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Is watching pro racing an essential part of being into cycling?

Frank Strack
8 Jan 2019

The Velominati’s Frank Strack used to take his inspiration from the world of pro cycling. Now he’s not so sure

Dear Frank,

My mates are all obsessed with the Tour de France, but I’ve never really been into watching pro racing. Would my own riding enjoyment be enhanced if I made more of an effort?

Findlay, Sussex

Dear Findlay,

Had you asked me this question 10 years ago, I would have answered a resounding ‘yes’. I’ve always been a huge fan of pro cycling, whether watching it, reading about it or spectating.

But over the course of the past decade or so, I’ve found myself increasingly disheartened by the nagging question of whether or not the performances are too good to be true.

And the riders’ defiant and incredulous attitude towards such questions has resulted in a loss of interest in it. Not in cycling itself, but in the sport.

It is impossible not to come across as a hypocrite when talking about doping in cycling.

My favourite era was the 1990s and of course I was blissfully unaware of how super-human those performances were.

Somehow, knowing the truth hasn’t affected the tint of my rose-coloured glasses when it comes to the likes of Pantani, Bartoli, Zulle and Ulrich.

If the 1990s was my favourite era, the 1980s was the most formative, a time when I was getting into the sport and trying to understand what it was all about.

The doping went all but unnoticed to fans, but it certainly went on.

As my knowledge increased, my eyes turned towards Coppi, Anquetil, Merckx and De Vlaeminck for additional context and a clearer appreciation of the heritage of the sport.

Throughout all of those eras doping was rife, but there was always a humanity to the athletes, a fragility that all of us possess on varying levels and that made them sympathetic to us.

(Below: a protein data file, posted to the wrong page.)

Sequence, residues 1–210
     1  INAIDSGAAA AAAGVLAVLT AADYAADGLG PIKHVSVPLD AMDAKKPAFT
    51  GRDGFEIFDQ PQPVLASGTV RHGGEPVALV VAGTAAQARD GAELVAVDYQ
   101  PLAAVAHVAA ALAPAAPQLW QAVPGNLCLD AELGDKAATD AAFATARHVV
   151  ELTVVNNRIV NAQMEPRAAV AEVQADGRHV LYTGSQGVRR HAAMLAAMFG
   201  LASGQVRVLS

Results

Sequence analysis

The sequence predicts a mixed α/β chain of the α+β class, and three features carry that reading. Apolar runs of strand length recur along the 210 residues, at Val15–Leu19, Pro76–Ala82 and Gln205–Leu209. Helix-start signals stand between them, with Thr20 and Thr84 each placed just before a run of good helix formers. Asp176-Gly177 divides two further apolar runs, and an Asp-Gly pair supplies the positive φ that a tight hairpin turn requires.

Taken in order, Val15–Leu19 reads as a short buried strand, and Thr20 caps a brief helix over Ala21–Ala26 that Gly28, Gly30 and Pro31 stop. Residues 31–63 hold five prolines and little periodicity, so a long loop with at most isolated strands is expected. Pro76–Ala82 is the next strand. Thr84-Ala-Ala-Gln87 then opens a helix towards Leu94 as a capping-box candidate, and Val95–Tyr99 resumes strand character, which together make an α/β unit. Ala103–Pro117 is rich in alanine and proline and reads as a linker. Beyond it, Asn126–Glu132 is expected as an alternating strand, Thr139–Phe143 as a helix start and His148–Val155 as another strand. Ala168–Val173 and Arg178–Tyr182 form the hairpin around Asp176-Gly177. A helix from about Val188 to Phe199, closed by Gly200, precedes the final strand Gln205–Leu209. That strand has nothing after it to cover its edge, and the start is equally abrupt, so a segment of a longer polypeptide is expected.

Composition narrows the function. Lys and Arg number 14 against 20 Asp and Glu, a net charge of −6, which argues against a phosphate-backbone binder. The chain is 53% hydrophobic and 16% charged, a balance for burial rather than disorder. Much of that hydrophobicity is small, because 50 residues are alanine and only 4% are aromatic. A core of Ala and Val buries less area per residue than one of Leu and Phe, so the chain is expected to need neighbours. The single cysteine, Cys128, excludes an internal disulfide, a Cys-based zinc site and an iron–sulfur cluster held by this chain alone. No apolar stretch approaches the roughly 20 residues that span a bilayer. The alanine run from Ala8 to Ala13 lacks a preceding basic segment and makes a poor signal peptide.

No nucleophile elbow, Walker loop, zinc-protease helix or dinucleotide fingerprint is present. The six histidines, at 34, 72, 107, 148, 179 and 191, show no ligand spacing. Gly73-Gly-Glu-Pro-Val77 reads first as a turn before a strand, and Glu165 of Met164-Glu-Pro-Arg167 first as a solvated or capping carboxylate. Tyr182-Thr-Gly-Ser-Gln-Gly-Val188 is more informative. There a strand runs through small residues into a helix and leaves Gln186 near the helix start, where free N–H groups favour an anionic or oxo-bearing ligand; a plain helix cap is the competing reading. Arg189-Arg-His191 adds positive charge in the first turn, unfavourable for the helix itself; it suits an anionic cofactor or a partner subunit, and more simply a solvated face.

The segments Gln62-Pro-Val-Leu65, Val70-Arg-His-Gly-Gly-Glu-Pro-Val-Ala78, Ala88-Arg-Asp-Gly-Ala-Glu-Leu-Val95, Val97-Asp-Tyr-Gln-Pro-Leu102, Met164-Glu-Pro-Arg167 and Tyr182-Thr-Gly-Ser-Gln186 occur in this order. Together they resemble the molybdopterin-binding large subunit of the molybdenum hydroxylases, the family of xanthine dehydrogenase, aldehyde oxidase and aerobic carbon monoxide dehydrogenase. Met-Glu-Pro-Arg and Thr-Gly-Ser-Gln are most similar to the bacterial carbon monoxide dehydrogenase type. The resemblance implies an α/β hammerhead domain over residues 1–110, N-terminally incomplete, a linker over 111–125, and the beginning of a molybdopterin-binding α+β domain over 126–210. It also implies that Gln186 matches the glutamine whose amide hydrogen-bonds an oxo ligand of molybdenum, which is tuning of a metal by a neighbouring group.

We can identify with self-doubt and fragility. It is why we love Shakespeare’s tragedies – they are stories about humans who are just as flawed as we are.

Beginning with the Armstrong era, the humanity in the athletes slowly started to erode.

If memory serves, Lance Armstrong had one bad day in seven Tours de France. That is not natural, not normal. While it may be impressive, it’s not relatable on a human level.

The final straw was the recent business with Chris Froome's adverse analytical finding for Salbutamol at the Vuelta. Team Sky launched with the most hard-lined ethical stance any team in pro cycling had ever taken.

It was a new attitude, where no rider with a history of doping was allowed to participate as a rider or in management.

Given the history of our sport, that position seemed unrealistically staunch, but it was refreshing nonetheless.

There would be a culture of purity – no Therapeutic Use Exemptions – and riders would ostensibly self-suspend if there were any suspicion over them.

But then the team started to feel an awful lot like one of Armstrong’s trains, and the same incredulous attitudes in the press conferences by David Brailsford sounded a lot like Lance’s team director, Johan Bruyneel.

And when Froome returned his AAF, he stubbornly continued to race, going so far as to win the Giro d’Italia in spectacular, eyebrow-raising fashion. For me, something finally broke.

What I’m left with now is my undying love for riding my bike, competing occasionally and watching my teenage nephew evolve into a successful young racer.

These are all very fulfilling things and I don’t feel any poorer for not following professional cycling.

That said, I do feel my appreciation for the sport would be much weaker if I didn’t fully understand its history and culture.

If you aren’t into following the Tour, I would encourage you to get some classic cycling films such as Stars And Water Carriers, A Sunday In Hell and La Course En Tete to help build an appreciation for how staggeringly rich and beautiful the sport of cycling truly is.

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